I'm sorry; what brought this up again? And how did "real" come into this conversation?

Two can play at the needless and incredibly impractical game of 'pedantry ad absurdum'. (regardless of what Blake says about it being "the way of the ninja".)

 

Quote:
A critter the size of a planet that can only move information at,

It's amazing how little you took in from my post- this is a 'critter' spanning an entire world (as in the entire surface) rather than being "the size of a (entire world)".

 

Quote:
say, 1 foot per hour

Nope, try again.

Hint: central nervous system. As in, electrons. DUH!

Although, (similar to what I originally stated) the game hints at another fundamental, physical component to the fungal mega-intelligence (and likewise human intelligence) besides electroconductivity; psi. This is, perhaps, why the 7 major faction leaders eventually start having awkward dreams shortly after the start of the game. The xenofungus, or "PlanetMind" (as it calls itself in the dreams), is attempting to contact the now somewhat unwelcome guests trampling about at its 'doorstep'. The fungus actually feeds off of -and grows more intensely from- the thoughts of all the newly arrived human residents on Chiron.

 

Quote:
is not going to be a mind that we are going to interact with in any meaningful way. Even allowing for some sci-fi sort of a mind, it is going to think really slowly.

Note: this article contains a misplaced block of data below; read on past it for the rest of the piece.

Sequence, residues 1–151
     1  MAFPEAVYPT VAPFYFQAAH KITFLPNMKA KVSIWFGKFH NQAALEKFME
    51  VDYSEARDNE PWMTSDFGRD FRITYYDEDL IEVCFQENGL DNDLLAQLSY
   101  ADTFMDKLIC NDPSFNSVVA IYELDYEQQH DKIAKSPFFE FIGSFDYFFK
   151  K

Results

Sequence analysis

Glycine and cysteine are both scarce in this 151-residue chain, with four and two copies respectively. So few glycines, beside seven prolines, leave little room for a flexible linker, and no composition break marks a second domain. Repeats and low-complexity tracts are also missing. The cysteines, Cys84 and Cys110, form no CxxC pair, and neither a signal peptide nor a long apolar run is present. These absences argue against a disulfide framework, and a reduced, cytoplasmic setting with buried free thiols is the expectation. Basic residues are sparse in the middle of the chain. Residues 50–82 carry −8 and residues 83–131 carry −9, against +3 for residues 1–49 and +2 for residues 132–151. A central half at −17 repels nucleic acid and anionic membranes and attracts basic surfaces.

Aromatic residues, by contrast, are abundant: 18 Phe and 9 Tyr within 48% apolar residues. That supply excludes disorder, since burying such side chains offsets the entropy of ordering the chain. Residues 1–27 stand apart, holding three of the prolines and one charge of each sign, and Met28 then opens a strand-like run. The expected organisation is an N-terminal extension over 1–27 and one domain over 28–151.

According to whom? You? Human thoughts don't move at "one foot per hour". They move much more closely to the speed of light. Why should one expect a naturally-occuring neural net to be significantly slower or even faster?

Your meta-inferred, noncanon silliness aside, it has been demonstrated numerous times and to varying degrees that naturally occurring organisms and cellular tissues can perform many of the fundamental 'work' tasks that we, as a species, normally relegate to industrial machinery. While the 'endstage product' (usually fecal matter of some sort) rarely has a significant, positive impact on industrial economy, it is not to say that we won't be able to replace most of the electrodependent tools and processes with a living, breathing, thinking artificial organism of some sort, in the distant future.

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cj wrote:Sherri S. Tepper

cj wrote:
Sherri S. Tepper -

Sideshow

  (1993)

 

Is there a new plot twist anywhere?


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Kapkao wrote:cj wrote:Sherri

Kapkao wrote:

cj wrote:
Sherri S. Tepper -

Sideshow

  (1993)